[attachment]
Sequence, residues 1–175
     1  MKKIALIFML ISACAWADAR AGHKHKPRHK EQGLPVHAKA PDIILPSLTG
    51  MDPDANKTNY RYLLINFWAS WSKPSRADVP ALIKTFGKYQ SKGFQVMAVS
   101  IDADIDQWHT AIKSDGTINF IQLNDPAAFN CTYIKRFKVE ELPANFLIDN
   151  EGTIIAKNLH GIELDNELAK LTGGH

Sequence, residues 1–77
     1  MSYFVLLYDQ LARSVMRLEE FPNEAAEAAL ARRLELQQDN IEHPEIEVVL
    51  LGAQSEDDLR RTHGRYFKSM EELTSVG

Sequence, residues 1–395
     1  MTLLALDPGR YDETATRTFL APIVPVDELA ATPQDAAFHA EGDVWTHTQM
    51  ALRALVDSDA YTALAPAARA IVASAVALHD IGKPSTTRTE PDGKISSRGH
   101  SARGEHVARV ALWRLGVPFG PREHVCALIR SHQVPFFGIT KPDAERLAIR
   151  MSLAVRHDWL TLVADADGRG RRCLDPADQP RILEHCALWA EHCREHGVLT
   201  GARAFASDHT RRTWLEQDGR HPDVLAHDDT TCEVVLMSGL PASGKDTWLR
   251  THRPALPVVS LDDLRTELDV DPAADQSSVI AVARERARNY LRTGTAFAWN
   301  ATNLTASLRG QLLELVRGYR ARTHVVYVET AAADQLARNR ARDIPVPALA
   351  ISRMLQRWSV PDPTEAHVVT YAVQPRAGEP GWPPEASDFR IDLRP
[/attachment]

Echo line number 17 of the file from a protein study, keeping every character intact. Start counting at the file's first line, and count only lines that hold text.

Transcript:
   351  ISRMLQRWSV PDPTEAHVVT YAVQPRAGEP GWPPEASDFR IDLRP